In 1954, a conference on mathematical tables, sponsored by M.I.T. and the National Science Foundation, met to discuss a modernization and extension of Jahnke and Emde's classical tables of functions. This volume, published 10 years later by the U.S. Department of Commerce, is the result. Designed to include a maximum of information and to meet the needs of scientists in all fields, it is a monumental piece of work, a comprehensive and self-contained summary of the mathematical functions that arise in physical and engineering problems.

The book contains 29 sets of tables, some to as high as 20 places: mathematical constants; physical constants and conversion factors (6 tables); exponential integral and related functions (7); error function and Fresnel integrals (12); Bessel functions of integer (12) and fractional (13) order; integrals of Bessel functions (2); Struve and related functions (2); confluent hypergeometric functions (2); Coulomb wave functions (2); hypergeometric functions; Jacobian elliptic and theta functions (2); elliptic integrals {9); Weierstrass elliptic and related functions; parabolic cylinder functions {3); Mathieu functions (2); spheroidal wave functions (5); orthogonal polynomials (13); combinatorial analysis (9); numerical interpolation, differentiation and integration (11); probability functions (ll); scales of notation (6); miscellaneous functions (9); Laplace transforms (2); and others.

Each of these sections is prefaced by a list of related formulas and graphs: differential equations, series expansions, special functions, and other basic relations. These constitute an unusually valuable reference work in themselves. The prefatory material also includes an explanation of the numerical methods involved in using the tables that follow and a bibliography. Numerical examples illustrate the use of each table and explain the computation of function values which lie outside its range, while the editors' introduction describes higher-order interpolation procedures. Well over100 figures illustrate the text.

In all, this is one of the most ambitious and useful books of its type ever published, an essential aid in all scientific and engineering research, problem solving, experimentation and field work. This low-cost edition contains every page of the original government publication.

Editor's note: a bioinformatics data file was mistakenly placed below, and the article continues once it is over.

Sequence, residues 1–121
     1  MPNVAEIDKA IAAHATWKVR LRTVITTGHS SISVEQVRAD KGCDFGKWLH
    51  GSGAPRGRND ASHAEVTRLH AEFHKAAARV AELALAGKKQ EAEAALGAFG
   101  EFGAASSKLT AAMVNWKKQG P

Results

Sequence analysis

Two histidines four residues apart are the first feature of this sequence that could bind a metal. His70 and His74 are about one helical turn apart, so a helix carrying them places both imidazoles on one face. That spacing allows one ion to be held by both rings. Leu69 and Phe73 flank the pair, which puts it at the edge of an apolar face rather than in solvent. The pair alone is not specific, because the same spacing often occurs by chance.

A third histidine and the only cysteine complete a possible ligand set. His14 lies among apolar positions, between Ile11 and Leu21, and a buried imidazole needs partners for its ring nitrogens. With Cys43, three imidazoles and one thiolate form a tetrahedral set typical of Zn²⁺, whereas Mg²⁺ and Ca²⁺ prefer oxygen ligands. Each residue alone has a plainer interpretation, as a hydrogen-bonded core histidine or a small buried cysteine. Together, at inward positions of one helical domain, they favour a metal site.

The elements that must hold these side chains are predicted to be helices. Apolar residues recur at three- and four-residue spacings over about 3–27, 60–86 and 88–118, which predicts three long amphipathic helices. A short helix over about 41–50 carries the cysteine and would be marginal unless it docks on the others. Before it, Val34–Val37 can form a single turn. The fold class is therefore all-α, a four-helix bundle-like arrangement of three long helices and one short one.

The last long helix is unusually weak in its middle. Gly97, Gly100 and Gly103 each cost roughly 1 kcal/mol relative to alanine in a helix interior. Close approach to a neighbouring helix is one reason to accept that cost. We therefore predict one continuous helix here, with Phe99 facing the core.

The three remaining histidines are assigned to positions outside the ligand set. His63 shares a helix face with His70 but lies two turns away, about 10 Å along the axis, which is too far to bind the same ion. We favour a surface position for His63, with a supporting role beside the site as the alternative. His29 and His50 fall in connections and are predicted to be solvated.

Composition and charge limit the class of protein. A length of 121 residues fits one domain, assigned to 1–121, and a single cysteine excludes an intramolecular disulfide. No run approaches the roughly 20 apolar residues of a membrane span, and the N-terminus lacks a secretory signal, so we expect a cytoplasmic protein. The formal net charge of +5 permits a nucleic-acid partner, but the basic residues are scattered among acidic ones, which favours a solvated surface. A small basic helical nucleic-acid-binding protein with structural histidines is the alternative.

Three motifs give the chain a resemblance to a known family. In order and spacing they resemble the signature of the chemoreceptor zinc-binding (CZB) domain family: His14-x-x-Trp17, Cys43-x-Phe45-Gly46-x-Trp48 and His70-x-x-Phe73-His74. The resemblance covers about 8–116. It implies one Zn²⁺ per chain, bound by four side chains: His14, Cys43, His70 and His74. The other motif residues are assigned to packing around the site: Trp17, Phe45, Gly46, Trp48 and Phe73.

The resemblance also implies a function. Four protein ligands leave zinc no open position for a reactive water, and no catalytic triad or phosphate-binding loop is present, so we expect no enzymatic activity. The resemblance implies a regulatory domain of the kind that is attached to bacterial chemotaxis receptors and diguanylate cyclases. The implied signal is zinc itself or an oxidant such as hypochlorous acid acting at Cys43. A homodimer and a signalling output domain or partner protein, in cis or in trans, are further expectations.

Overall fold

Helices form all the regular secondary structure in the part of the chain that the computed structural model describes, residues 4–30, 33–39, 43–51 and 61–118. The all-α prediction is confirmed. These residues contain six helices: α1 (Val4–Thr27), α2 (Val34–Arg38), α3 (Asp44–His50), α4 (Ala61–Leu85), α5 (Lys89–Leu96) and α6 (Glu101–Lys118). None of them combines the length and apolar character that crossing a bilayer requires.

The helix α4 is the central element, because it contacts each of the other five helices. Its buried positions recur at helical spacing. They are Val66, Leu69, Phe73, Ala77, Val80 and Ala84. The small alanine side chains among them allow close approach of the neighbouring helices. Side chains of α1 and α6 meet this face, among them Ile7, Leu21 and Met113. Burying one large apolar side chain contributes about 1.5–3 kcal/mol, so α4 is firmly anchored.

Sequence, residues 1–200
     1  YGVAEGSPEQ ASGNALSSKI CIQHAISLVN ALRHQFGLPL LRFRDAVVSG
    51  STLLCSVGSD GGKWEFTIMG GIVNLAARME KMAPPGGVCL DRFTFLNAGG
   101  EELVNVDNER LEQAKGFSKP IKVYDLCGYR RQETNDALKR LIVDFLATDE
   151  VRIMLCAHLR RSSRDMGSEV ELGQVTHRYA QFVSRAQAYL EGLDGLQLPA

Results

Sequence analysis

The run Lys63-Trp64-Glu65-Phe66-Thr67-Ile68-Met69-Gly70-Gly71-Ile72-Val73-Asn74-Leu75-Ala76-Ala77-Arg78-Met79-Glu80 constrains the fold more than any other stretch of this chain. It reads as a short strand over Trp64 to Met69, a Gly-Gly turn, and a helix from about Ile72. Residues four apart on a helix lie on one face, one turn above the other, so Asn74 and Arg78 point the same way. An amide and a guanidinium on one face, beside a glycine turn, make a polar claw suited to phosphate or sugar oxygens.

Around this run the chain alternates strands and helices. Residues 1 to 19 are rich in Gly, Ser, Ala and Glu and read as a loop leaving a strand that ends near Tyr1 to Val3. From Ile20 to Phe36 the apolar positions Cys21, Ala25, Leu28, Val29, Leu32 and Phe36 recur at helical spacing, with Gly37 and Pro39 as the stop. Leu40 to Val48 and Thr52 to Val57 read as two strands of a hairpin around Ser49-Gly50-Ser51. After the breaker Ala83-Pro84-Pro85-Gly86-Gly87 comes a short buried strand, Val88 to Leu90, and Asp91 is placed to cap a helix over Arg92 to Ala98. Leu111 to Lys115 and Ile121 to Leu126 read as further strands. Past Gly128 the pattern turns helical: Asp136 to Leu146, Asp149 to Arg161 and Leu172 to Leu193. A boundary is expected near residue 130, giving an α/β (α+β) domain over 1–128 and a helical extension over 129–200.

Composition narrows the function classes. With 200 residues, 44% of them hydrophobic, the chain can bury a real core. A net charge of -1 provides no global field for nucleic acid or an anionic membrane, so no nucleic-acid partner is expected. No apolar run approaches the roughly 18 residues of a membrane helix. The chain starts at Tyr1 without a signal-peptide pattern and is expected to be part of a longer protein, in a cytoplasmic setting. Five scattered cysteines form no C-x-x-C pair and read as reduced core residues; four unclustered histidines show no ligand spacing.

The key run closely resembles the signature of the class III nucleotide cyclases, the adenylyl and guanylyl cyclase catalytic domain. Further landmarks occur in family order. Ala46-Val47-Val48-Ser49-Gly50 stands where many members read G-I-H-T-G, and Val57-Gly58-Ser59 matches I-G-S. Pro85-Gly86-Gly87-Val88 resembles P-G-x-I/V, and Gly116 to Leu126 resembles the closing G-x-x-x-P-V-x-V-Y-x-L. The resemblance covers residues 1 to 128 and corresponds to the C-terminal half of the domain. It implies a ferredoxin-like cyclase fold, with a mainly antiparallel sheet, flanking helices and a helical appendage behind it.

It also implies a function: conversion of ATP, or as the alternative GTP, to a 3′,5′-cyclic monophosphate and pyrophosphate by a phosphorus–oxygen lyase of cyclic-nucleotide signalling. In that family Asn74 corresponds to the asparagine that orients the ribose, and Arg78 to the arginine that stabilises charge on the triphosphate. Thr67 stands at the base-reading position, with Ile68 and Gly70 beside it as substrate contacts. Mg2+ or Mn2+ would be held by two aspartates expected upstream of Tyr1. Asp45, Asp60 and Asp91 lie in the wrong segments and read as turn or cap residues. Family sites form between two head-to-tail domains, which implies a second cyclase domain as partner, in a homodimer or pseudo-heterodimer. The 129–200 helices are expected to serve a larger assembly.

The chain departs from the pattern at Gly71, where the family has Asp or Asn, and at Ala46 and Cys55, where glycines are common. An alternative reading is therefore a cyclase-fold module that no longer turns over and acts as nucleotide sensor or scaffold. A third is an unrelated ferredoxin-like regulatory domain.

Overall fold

Timeless and collectible, the lectures are essential reading, not just for students of physics but for anyone seeking an introduction to the field from the inimitable Feynman.

New to this edition:

Improved modular chaptersNew up-to-date examplesMore intuitive explanations This book arms readers with the tools to apply key physics concepts in the field.

S. R. de Groot and P. Mazur, Professors of Theoretical Physics, present a comprehensive and insightful survey of the foundations of the field, providing the only complete discussion of the fluctuating linear theory of irreversible thermodynamics. The application covers a wide range of topics: the theory of diffusion and heat conduction, fluid dynamics, relaxation phenomena, acoustical relaxation, and the behavior of systems in an electromagnetic field.

The statistical foundations of non-equilibrium thermodynamics are treated in detail, and there are special sections on fluctuation theory, the theory of stochastic processes, the kinetic theory of gases, and the derivation of the Onsager reciprocal relations. The implications of causality conditions and of dispersion relations are analyzed in depth.

Advanced students will find a great number of challenging problems, with hints for their solutions. Chemists will be especially interested in the applications to electrochemistry and the theory of chemical reactions. Physicists, teachers, scholars, biologists, and anyone interested in the principle and modern applications of non-equilibrium thermodynamics will find this classic monograph an invaluable reference.

The book provides a discussion on the phenomenon in fluid mechanics and their intercorrelations, such as heat transfer, diffusion in fluids, acoustics, theory of combustion, dynamics of superfluids, and relativistic fluid dynamics.

The text will be of great interest to researchers whose work involves or concerns fluid mechanics.

Comprised of 16 chapters, this volume begins with an overview of non-relativistic quantum theory and the basic concepts of quantum mechanics such as the principles of uncertainty and superposition, operators, and the density matrix. Subsequent chapters deal with conservation laws in quantum mechanics; Schrödinger's equation and general properties of its solutions; perturbations independent of time and dependent on time; spin and the spin operator; and the principle of indistinguishability of similar particles. The atom and its electron states are also examined, together with diatomic molecules; elastic and inelastic collisions; photons and electrons; Dirac's equation; and particles and antiparticles. The final chapter is devoted to Feynman diagrams, paying particular attention to the scattering matrix, radiative corrections, and radiative shift of atomic levels.

This book will be of interest to physicists.